Al Berger

Posted on Wednesday, August 1st, 2018 by John Wood
Al Berger was a great strength athlete and classic bodybuilder during the 1940’s. Berger was a very good bodybuilder but was most well-known for his ability to perform incredible feats of strength while “pinch gripping” rafters in his basement. He could do 12 pinch-grip chins on rafters 30-inches apart, 6 with an additional 10-pounds and 1 with an incredible 43 additional pounds. In addition to his pinch-gripping feats, Berger could perform a reverse curl with 165 pounds.

The Brothers McCann

Posted on Thursday, November 2nd, 2017 by John Wood
The Brothers McCann, Henry (left) and Louis (right), of Birmingham, England, were known as Hercules and Samson when they became professional strongmen in the late 1800’s. In December of 1890, at The Royal Music Hall, they challenged Eugen Sandow to a match — and Won! …although they were defeated by Louis Cyr in a similar contest a few years later.

Henri Toch – “The Cannon Man”

Posted on Sunday, October 8th, 2017 by John Wood
Henri Toch was a Belgian strongman in the late 1800’s who was billed as “L’Homme Canon” or “The Cannon Man.” It was with pretty good reason, his unique performance included the incredible strength feat of holding 365 Kilogram Cannon on his shoulders while it fired. Toch met an unfortunate end in 1890 when when a cannon on his shoulder was accidentally mis-loaded with powder and blew up.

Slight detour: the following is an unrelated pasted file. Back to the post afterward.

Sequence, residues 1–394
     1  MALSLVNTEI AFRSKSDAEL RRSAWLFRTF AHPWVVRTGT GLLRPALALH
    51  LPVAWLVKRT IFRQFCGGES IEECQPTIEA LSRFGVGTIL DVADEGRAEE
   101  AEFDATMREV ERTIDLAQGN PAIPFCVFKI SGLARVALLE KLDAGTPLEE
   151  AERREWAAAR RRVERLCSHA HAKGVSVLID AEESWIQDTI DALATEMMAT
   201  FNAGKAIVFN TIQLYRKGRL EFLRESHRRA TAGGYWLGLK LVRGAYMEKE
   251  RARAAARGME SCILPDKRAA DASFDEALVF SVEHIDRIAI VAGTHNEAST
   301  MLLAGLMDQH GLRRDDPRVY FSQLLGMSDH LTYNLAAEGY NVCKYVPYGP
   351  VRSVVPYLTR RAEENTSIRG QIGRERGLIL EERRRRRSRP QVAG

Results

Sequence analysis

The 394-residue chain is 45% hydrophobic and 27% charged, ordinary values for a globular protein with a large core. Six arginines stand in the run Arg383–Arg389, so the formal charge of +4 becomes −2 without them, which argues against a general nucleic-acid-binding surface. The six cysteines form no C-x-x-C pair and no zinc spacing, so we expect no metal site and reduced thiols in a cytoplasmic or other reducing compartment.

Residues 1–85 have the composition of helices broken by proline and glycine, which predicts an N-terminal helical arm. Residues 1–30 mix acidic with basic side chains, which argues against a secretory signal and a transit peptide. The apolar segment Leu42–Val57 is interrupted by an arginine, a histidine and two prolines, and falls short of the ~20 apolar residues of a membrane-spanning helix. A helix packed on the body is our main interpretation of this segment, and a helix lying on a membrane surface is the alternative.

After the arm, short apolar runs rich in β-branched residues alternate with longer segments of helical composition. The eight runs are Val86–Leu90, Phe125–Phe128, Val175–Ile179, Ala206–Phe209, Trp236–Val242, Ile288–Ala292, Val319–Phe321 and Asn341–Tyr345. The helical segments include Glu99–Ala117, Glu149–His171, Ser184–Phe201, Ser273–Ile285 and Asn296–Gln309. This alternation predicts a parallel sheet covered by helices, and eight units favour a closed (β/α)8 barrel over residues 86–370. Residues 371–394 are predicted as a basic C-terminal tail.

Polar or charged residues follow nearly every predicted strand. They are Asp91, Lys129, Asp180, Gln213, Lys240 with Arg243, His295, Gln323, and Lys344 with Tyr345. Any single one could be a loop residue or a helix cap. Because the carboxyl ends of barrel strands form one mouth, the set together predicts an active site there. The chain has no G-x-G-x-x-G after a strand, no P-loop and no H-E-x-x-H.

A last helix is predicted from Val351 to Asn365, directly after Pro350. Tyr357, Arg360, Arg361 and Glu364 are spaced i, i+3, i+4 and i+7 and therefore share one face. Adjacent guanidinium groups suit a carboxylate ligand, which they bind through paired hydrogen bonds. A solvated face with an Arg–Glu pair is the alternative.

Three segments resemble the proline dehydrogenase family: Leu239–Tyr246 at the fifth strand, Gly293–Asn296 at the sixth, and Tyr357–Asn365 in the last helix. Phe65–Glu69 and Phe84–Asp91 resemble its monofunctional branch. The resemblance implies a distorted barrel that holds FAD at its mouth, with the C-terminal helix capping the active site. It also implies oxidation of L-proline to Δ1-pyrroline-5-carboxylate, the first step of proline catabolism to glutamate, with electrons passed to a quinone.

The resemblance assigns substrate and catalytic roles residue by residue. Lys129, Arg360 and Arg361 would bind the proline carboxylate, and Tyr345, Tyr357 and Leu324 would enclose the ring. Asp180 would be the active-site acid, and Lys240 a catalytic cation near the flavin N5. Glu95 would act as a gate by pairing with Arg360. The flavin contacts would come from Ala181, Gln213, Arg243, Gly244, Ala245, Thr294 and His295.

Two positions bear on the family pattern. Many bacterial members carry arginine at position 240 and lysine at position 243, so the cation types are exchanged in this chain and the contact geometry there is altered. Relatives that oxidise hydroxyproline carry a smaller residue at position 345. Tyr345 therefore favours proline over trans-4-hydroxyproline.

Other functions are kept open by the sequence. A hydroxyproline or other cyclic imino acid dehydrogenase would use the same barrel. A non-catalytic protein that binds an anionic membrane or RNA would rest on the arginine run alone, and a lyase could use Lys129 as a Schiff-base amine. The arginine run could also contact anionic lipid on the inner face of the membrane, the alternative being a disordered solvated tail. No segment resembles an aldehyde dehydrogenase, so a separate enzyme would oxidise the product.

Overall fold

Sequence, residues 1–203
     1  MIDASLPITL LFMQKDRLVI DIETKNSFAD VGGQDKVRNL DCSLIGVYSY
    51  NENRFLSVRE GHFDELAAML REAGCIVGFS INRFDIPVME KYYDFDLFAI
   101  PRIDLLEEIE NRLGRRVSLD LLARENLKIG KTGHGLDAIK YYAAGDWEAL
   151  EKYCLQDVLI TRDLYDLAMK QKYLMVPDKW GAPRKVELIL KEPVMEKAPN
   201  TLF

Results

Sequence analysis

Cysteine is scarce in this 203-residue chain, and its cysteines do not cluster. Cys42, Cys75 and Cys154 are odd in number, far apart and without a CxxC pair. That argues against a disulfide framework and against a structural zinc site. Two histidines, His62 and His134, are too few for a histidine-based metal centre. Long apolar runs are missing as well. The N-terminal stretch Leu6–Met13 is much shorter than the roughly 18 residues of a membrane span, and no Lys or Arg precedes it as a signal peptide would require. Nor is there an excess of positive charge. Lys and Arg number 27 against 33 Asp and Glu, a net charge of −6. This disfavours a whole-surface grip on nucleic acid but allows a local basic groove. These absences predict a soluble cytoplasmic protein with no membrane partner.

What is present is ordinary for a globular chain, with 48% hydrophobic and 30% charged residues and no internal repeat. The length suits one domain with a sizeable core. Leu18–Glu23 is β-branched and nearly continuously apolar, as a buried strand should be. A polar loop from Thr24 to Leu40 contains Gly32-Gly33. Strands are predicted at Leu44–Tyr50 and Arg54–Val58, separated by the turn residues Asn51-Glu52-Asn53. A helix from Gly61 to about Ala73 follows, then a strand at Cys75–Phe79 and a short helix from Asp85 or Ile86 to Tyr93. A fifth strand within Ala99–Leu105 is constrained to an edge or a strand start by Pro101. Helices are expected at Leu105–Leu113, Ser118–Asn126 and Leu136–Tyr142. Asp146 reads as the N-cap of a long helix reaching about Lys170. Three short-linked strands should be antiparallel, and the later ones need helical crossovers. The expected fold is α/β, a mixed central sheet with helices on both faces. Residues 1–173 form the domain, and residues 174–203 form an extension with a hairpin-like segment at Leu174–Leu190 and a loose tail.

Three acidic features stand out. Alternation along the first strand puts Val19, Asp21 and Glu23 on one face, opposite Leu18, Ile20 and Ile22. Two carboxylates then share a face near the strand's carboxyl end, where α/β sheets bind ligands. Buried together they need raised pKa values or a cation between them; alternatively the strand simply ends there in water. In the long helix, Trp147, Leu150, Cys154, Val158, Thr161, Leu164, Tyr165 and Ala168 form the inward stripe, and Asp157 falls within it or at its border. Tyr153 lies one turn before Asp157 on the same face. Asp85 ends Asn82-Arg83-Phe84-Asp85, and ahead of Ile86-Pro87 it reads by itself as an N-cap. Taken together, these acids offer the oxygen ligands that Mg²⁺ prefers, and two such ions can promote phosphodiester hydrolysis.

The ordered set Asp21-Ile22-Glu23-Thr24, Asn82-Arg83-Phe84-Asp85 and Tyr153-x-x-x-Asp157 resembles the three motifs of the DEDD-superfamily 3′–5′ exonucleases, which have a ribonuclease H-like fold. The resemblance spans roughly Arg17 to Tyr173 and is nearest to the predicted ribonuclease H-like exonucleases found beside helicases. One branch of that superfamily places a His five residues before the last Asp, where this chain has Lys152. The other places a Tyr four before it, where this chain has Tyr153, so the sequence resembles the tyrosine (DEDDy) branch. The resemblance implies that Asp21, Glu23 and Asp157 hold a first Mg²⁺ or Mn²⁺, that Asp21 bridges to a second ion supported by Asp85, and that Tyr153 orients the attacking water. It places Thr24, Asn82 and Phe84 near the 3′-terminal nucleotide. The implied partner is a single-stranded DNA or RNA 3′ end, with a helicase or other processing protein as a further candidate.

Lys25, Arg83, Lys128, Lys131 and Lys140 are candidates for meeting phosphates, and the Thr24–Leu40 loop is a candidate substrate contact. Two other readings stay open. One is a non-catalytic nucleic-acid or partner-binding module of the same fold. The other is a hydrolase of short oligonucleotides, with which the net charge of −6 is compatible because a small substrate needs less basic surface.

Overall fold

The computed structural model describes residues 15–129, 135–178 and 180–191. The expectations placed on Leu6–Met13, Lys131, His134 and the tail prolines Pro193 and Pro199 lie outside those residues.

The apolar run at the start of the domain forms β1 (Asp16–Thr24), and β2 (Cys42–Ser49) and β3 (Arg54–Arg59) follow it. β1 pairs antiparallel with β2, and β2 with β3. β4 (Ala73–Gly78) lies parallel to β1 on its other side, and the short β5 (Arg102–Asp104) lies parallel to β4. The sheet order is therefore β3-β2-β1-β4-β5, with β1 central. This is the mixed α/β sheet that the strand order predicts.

Nail Driving

Posted on Tuesday, November 11th, 2014 by John Wood
One of the all-time best strongman feats is to drive a nail through a thick board with your bare hand. There are two different techniques for doing so, the “slap” technique and the “punch” technique shown here demonstrated by The Amazing Samson, Alexander Zass. You’ll probably be better at one more than the other but it pays to practice both of them.
All Contents, Including Images and Text, Copyright © 2005-2019 by John Wood and Thunderdome Media Inc., Not to be reproduced without permission, All Rights Reserved
Author: John Wood. All contents, including images and text, copyright © 2005-2019 by John Wood and Thunderdome Media Inc. Not to be reproduced without permission. All rights reserved. We will most likely grant permission but please contact us if you would like to repost. IMPORTANT: Equipment and books, courses etc. pictured in blog posts are generally not available for sale unless specifically noted.